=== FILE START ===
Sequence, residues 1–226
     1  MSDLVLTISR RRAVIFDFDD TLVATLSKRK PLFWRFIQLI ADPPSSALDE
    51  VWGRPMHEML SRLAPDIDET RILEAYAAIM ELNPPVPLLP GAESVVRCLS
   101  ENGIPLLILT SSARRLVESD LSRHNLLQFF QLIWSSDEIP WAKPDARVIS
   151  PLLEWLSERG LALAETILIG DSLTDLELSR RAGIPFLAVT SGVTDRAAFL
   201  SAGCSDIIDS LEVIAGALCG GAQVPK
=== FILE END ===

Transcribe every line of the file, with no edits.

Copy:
Sequence, residues 1–226
     1  MSDLVLTISR RRAVIFDFDD TLVATLSKRK PLFWRFIQLI ADPPSSALDE
    51  VWGRPMHEML SRLAPDIDET RILEAYAAIM ELNPPVPLLP GAESVVRCLS
   101  ENGIPLLILT SSARRLVESD LSRHNLLQFF QLIWSSDEIP WAKPDARVIS
   151  PLLEWLSERG LALAETILIG DSLTDLELSR RAGIPFLAVT SGVTDRAAFL
   201  SAGCSDIIDS LEVIAGALCG GAQVPK